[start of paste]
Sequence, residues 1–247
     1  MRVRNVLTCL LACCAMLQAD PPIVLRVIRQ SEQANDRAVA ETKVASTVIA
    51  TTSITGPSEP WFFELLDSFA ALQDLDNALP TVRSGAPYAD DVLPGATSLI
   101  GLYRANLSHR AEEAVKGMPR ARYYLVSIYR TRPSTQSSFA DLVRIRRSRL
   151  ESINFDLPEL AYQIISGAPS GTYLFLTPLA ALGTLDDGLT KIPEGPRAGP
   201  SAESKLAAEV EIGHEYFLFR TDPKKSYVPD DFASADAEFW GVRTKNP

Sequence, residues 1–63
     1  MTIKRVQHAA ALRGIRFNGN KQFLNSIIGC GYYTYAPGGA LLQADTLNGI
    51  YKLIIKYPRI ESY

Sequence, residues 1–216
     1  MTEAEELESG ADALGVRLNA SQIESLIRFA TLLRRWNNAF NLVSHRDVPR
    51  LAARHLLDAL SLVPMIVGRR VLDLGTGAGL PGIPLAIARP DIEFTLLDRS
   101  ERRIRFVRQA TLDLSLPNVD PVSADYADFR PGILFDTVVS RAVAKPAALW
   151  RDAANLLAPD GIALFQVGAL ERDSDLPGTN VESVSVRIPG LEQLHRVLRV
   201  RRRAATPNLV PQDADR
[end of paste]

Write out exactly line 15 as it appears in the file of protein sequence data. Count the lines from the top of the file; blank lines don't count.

   201  RRRAATPNLV PQDADR